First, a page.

High Noon (1952) Review

Director: Fred Zinnemann

Genre(s): Drama, Western

Runtime: 85 minutes

MPAA Rating: PG

IMDb Page

In 2008, the American Film Institute named High Noon the second greatest American western movie of all time as part of their AFI’s 10 Top 10 retrospective (The Searchers [1956] was named number-one). It’s not my second favorite (or overall favorite) western ever made (although I do like it a lot more than The Searchers), but this film basically lives up to the hype. The story is about Wild West marshal Will Kane (Gary Cooper) on his last day as a lawman before retirement and his first day as a married man (his wife being Amy Fowler Kane [Grace Kelly], a pacifist Quaker). However, he must soon organize a posse to help him confront a gang of outlaws planning on killing him at noon.

This is one of cinema’s most famous tales of courage and cowardice. It’s all about integrity, heroism, and standing one’s ground against the forces of darkness and apathy. Gary Cooper’s towering performance (which he won an Oscar for) is what keeps the picture together. He’s greatly aided by Dimitri Tiomkin’s exemplary musical score, which also took home an Academy Award. The feature has two action scenes, a livery stable fist fight and the final shootout, both of which are more realistic than sensationalized.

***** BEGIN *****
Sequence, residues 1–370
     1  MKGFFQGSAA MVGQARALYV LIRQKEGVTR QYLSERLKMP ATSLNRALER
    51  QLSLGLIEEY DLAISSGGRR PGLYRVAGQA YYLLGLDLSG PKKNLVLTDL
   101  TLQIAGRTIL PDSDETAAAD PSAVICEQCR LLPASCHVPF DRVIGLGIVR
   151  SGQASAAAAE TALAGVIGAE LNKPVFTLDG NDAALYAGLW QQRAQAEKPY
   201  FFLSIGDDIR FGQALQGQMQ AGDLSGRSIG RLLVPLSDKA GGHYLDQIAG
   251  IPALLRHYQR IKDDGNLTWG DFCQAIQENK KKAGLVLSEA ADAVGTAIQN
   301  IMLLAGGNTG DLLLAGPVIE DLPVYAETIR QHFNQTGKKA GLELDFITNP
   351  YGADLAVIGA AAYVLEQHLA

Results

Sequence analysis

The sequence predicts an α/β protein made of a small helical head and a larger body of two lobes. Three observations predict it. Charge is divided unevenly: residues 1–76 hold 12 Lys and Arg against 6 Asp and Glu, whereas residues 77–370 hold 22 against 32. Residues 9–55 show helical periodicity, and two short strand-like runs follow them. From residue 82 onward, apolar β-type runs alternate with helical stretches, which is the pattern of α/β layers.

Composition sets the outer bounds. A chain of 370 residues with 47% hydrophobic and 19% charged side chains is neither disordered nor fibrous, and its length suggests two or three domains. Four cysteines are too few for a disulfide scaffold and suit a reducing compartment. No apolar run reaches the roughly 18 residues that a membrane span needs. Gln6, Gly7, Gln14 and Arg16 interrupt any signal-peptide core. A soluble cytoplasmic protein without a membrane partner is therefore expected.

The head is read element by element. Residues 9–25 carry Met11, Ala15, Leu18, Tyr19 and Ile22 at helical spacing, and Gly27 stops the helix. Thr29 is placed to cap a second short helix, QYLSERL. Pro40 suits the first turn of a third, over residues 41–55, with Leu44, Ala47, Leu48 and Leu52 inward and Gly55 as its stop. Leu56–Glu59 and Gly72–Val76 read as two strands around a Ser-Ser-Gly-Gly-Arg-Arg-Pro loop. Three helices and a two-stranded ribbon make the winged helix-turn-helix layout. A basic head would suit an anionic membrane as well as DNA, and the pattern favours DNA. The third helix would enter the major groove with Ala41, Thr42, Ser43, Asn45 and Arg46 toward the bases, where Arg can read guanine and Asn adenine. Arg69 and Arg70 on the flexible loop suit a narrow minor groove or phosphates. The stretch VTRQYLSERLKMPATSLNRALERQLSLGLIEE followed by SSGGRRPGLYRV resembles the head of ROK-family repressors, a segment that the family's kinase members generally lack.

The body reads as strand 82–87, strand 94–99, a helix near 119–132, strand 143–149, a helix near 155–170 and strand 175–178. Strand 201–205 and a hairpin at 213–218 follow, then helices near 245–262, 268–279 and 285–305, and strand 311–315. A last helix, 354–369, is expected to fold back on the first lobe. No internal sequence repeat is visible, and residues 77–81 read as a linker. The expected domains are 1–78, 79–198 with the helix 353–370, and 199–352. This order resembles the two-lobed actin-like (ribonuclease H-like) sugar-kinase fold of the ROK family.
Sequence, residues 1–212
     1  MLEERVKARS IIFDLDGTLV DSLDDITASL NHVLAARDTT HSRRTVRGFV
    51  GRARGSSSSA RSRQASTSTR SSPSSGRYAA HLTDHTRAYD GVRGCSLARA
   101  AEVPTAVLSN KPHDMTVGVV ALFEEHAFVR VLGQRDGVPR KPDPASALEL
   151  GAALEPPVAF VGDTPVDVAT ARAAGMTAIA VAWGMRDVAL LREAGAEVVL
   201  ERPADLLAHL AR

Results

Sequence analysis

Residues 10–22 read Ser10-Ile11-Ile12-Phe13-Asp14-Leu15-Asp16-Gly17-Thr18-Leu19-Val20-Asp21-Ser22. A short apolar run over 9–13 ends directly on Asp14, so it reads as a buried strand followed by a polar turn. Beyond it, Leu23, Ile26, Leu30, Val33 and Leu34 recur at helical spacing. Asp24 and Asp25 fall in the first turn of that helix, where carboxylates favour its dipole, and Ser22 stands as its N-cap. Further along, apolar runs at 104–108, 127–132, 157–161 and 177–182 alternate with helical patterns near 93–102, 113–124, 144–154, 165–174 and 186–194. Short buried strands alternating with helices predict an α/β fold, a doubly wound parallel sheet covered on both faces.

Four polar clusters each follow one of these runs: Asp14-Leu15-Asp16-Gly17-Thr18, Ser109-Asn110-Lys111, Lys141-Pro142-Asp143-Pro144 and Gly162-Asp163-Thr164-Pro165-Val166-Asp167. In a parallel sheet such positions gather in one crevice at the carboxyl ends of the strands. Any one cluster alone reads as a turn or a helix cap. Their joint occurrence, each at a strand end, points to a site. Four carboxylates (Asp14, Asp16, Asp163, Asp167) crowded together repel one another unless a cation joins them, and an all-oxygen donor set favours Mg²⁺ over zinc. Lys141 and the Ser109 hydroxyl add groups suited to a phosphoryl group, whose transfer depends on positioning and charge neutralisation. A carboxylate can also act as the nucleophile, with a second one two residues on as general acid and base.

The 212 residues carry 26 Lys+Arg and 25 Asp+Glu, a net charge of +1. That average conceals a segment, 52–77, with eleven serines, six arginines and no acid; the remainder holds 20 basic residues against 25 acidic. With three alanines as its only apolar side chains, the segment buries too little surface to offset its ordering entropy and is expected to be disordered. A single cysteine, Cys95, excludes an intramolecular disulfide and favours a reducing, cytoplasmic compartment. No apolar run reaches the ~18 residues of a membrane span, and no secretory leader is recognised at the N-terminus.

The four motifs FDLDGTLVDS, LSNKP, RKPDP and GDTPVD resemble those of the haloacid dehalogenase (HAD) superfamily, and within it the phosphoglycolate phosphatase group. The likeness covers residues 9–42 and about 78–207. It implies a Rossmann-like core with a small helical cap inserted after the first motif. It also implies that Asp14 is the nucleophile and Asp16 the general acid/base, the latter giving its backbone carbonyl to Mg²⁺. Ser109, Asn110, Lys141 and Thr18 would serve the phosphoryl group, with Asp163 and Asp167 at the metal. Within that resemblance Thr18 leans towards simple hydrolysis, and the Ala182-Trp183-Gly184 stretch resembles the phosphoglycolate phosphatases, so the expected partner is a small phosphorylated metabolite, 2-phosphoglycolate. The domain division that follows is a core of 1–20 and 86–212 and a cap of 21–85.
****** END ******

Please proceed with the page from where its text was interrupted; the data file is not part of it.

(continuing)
If I had to find a fault with this psychological western, it would be the subplot involving Cooper’s character’s ex-lover, Helen Ramírez (Katy Jurado), which distracts from the flick’s otherwise laser focus. These scenes don’t add much to the experience, and, in my opinion, probably should’ve been written out of the movie. Sometimes it seems like they were included to pad the film’s (admittedly short) runtime in order to further the picture’s taking-place-in-real-time shtick. I could be wrong, of course.

High Noon is rightfully lauded as a classic, thanks to its performances, thought-provoking subject matter, music, cinematography, and generally taut pacing. This is a landmark film because it showed a western hero who was vulnerable and sometimes even scared and because it focused more on drama and escalating tension than on the shoot-’em-up antics and hyper-macho posturing that were common in the genre. Don’t forget to keep your eyes peeled for Lee Van Cleef as Jack Colby, a member of the villainous gang, and Jack Elam as Charlie, the town drunk.

My rating is 8 outta 10.

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